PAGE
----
A world-class, water-tight, faultless house may still come crumbling down in a storm if it rests on an unstable foundation. According to Palo Alto Board of Education candidate Jesse Ladomirak, this set of circumstances is analogous to Palo Alto Unified School District’s mental health and wellness situation.
Ladomirak, a renovation business owner, former public agency attorney and former corporate attorney, said wellness programs such as Social Emotional Learning curriculum in Advisory are vital “walls” to support a healthy student body, but the underlying issue in the “foundation” — the culture of the district — will perpetuate concerning mental health trends.
“We put all those wellness centers there and we want to push students to access them,” Ladomirak said. “But at the same time, kids are crying and having nervous breakdowns because the culture is telling them if they don’t get an A, life is over — what’s that disconnect?”
Ladomirak cited the 2018 CA Healthy Kids Survey, which recorded that over 10% of PAUSD secondary school students surveyed had made a suicide plan in the previous 12 months.
“To me, by any metric that’s a crisis,” Ladomirak said. “There is something about the culture and climate of PAUSD that is not serving our children well when it comes to social emotional wellness.”
Both a PAUSD graduate and mother of four students attending elementary and middle school in the district, Ladomirak brings a double-edged perspective to the board race.
Furthermore, her experience serving as a public agency attorney, she said, provides her a “unique breadth of perspective” in addition to organization management from her construction business.
“I’ve been up close and personal advising the staff members of those agencies on similar issues to what are facing PAUSD every day,” Ladomirak said.
Educational equity is another area of focus, she said, having witnessed the district wrestle with the opportunity gap between students of different ethnic groups for years. Although she does not bear expertise in the field, Ladomirak plans to “push the district to lean into … experts [at Stanford and nearby] who know how to do this, who can help us.”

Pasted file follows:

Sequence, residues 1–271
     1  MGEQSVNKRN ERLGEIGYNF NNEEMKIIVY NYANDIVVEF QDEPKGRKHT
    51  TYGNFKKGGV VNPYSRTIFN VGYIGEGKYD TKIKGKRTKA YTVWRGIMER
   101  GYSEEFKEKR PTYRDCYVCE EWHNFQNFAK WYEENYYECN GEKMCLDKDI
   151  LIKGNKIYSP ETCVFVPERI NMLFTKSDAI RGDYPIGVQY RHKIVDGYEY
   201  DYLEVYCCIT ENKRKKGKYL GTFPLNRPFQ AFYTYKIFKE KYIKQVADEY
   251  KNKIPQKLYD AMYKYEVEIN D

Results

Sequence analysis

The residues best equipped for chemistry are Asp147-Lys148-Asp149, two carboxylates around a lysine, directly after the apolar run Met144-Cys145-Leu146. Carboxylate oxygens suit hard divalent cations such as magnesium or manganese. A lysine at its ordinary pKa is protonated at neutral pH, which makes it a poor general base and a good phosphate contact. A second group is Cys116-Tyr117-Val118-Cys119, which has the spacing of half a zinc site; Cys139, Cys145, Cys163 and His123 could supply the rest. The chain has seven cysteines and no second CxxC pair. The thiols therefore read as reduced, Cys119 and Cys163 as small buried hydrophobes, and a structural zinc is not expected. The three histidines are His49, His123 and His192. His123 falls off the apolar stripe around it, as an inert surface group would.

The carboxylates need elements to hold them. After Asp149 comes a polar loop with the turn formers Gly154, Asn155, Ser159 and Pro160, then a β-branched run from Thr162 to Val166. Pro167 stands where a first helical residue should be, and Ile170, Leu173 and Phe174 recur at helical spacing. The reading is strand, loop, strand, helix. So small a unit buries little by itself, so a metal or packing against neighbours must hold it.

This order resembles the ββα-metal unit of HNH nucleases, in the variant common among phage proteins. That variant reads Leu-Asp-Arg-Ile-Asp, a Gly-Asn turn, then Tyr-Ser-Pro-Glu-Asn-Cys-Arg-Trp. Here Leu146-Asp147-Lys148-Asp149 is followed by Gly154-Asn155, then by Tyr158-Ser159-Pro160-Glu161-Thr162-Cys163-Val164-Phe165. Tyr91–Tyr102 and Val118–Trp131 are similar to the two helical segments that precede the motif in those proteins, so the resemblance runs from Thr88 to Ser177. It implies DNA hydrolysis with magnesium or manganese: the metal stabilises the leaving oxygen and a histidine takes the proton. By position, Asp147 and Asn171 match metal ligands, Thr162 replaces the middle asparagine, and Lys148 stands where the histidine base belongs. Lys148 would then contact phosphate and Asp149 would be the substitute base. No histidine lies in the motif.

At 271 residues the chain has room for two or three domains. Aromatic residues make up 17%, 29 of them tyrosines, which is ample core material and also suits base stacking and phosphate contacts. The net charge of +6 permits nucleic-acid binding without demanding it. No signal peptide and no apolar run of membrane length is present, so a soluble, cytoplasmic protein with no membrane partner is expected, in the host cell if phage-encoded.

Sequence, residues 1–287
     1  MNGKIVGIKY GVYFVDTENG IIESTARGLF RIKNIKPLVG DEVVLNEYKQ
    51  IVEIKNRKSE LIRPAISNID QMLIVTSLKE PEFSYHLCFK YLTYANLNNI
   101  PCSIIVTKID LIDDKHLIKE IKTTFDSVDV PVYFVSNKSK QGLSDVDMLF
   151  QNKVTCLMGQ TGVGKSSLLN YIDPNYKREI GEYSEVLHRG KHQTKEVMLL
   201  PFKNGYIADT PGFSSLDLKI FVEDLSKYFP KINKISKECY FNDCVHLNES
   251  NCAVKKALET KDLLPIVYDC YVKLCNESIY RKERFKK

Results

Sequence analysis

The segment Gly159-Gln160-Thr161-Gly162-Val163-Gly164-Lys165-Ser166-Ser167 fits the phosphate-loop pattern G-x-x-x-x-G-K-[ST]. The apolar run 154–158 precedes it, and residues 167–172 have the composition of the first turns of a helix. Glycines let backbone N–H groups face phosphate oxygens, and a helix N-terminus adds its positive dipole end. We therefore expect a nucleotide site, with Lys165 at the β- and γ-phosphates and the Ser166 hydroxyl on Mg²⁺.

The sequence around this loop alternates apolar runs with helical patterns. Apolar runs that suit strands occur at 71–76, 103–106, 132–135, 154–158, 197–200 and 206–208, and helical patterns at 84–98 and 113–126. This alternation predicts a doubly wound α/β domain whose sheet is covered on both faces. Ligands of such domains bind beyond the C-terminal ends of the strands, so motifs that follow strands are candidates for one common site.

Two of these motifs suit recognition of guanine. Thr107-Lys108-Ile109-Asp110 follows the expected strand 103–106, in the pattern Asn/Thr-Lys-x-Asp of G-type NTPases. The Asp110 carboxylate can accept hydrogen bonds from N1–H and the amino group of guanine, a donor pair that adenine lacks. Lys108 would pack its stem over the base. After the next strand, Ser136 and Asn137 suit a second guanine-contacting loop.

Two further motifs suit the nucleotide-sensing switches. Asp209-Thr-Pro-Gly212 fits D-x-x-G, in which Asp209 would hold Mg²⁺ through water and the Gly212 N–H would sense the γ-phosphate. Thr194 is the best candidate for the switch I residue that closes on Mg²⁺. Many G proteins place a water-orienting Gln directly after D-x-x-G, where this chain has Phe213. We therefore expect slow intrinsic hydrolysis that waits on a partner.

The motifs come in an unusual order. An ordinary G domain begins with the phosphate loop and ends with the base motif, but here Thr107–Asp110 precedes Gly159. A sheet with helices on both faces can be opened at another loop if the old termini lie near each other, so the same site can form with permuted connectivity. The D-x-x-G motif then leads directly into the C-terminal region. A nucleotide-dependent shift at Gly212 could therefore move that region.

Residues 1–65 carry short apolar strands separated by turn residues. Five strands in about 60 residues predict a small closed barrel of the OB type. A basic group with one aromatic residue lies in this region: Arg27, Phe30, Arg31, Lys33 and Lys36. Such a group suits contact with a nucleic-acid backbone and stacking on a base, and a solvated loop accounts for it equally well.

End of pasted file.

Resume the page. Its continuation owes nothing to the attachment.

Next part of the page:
“We think we know the answers,” Ladomirak said. “As a graduate of these schools, I have the historical perspective to say we’ve tried for decades now to fix educational equity. I think it’s time to admit we don’t know how to do it, or perhaps we do know how to do it, but we don’t have the political will to do it.”
PAUSD, according to Ladomirak, should continue to funnel funds into educational equity both now and post-pandemic. As the owner and chief financial officer of a small business for over two decades, Ladomirak said she has gleaned that ensuring that all expenditures contribute towards the business’ priorities — the PAUSD promise, for the district — can guide effective decisions under a tight budget.
“There’s that old saying, you put your money where your mouth is,” Ladomirak said. “Budgets can help guide you to make sure that everything you’re doing is sort of pointing towards your true north of what you say you prioritize.”
Finally, Ladomirak said developing connections and acting as an approachable board member for the community is paramount.
“My hope is that if I’m around enough, and I make myself visible enough, that people will come to see me as somebody that is accessible to them, that cares about their perspectives,” Ladomirak said. “Even if I’m just sitting there and observing … until that trust is built.”
Ladomirak is one of six candidates currently in the running for the PAUSD Board of Education, including Karna Nisewaner, Katie Causey, Matt Nagle, and incumbents Todd Collins and Jennifer DiBrienza. There are three available seats.